Oh, the amount of "What the heck was that?!" I could've been spared if I had read an article like this, oh, I'd say about 15 years ago. I'm telling you, the older I get, the more cautious I am about using the word "friend", no matter how popular social media has made it. It can't be said enough that just because you and someone may vibe or have certain things in common, that doesn't automatically make them your friend.


Acquaintance? Sure. Cool associate? Possibly. But the amount of effort, commitment and consistency that goes into cultivating a friendship? It's kind of like the difference between a great first date and your husband—there's a lot of work that's required to get from one point to another.

An opportunist? They are banking that you don't have enough insight or boundaries (more on that in a bit) to know what true friendship looks like and/or requires. They think that so long as they turn on the charm and compliments, you'll let down your guard and welcome them into all areas of your life—resources and connections included. If they have to act like your new BFF in order to make it happen, so be it. So long as they get what they need from you, that's all that really matters.

Scary, huh? And just how can you know if someone who has recently come into your world is an opportunist (wolf) in friend's (sheep's) clothing?

From Day One, They Are Oozing with Flattery

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There's a Scripture in the Bible that says, "He who speaks flattery to his friends, even the eyes of his children will fail." (Job 17:5—NKJV) That's how little even the Word thinks of flattery—and flatterers. I get why too because while on the surface, a flatterer's compliments may sound good, they usually come with an ulterior motive intact. People who flatter others are not doing it purely for affirmation's sake. Matter of fact, many times, they don't even really believe that they're saying. They're just telling you that you're attractive, brilliant or impressive so that they can fuel your ego, disarm your discernment and ultimately take advantage of you.

An example of flattery that comes to mind is a man you just meet who is dripping with comments about how good you look. Then when you don't return his advances, he says something insulting. Flatterers of all forms are a lot like this. If they can manipulate you into getting whatever it is that they want, there are plenty of affirmations coming your way. If you're not goin' for it, the same mouth they used to "praise" you will be the same one they use to tear you down and gossip about you with.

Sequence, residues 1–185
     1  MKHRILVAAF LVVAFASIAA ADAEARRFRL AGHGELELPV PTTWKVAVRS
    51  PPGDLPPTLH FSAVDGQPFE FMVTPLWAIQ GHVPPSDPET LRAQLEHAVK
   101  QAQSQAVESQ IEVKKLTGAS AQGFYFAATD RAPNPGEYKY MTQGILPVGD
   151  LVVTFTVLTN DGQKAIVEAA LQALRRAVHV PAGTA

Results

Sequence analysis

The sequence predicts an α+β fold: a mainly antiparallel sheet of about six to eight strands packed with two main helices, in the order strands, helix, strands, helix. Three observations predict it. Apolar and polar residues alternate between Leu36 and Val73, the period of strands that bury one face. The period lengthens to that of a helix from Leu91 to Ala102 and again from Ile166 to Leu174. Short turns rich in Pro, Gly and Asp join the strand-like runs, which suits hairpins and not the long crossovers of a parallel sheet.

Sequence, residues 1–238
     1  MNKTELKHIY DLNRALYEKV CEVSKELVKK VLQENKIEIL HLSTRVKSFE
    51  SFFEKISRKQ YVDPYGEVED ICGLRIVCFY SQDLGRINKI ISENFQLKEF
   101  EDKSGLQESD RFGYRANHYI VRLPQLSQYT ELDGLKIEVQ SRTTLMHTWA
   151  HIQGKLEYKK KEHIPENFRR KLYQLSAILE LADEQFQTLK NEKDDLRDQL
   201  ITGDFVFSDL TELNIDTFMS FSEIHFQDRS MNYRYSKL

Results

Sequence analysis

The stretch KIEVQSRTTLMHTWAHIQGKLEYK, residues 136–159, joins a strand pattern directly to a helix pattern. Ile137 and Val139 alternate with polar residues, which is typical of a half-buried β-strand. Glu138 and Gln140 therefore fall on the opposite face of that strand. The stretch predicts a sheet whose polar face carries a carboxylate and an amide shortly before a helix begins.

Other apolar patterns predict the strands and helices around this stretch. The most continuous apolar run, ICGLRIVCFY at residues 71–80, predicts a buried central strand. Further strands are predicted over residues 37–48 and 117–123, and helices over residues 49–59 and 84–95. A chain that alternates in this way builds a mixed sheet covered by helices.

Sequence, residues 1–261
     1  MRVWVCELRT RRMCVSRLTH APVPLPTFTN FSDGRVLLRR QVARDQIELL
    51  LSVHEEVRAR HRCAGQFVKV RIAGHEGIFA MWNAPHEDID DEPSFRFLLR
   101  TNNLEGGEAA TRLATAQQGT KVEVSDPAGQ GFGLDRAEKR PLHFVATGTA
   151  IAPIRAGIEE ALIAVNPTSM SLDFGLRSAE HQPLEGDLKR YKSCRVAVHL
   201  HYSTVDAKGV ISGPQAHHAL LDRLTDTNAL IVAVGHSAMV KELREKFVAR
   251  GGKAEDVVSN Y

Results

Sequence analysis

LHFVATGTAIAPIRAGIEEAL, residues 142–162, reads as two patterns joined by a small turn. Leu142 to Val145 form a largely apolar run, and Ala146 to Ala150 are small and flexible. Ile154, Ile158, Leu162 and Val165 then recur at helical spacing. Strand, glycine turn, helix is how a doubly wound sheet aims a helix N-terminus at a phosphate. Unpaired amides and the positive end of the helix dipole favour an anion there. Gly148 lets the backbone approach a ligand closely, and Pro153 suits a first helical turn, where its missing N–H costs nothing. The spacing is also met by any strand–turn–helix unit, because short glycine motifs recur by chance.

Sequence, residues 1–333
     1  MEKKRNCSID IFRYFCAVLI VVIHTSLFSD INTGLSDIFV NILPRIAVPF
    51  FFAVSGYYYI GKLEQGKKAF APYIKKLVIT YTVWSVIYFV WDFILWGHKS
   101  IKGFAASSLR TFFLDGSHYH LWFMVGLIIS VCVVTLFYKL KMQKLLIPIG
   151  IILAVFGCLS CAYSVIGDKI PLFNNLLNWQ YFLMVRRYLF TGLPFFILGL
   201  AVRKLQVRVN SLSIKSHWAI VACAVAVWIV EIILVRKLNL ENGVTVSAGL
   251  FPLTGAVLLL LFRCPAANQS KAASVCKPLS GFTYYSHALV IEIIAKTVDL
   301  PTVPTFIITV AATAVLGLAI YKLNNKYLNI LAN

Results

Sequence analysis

They Wouldn’t Know a Boundary If It Hit Them in the Face

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Something that gets on my nerves about opportunists is they are pushy as all get out. They'll find out you know someone they would be interested in meeting or that you've got access to an opportunity that they want to be a part of and either they keep dropping hints about it or they won't let up on asking you if you can "hook them up", almost as if, just because you are cool with them, they are entitled and you automatically should.

Pushy people like this are not go-getters; they are aggressive and disrespectful of your boundaries. Hmph. Come to think of it, one way to really tell the difference between a friend and an opportunist is a friend is all about honoring your boundaries while an opportunist barely even acknowledges that you have any. I'll take it up a notch—opportunists so don't care about your limits that when you express them, on any level, they try and make you feel guilty or like you're the bad guy for doing so.

They’re Constantly Asking for Things While Offering Nothing

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On the heels of the point I just made, while we shouldn't keep tabs on what people do for us, when it comes to our real friends, we don't have to. That's because the give-and-take cycle is so consistent that it's hard to even keep up. But an opportunist? If you feel like a person in your life is draining you and is always on the receiving end, that's because that's probably exactly what is going on.

There is someone who used to be in my life who, when I sat and thought about how much money I had spent on them over the course of knowing them, it was well into the thousands. Over that same period of time, I got a box of lip gloss that they lost and a ring that cost five dollars. Hey, I was codependent back then, so I'll own some of that. But I also have to admit that while we had some good times, when I think of all of the ways they benefitted from my resources—both personally as well as professionally—I also know, for a fact, that they were a total opportunist.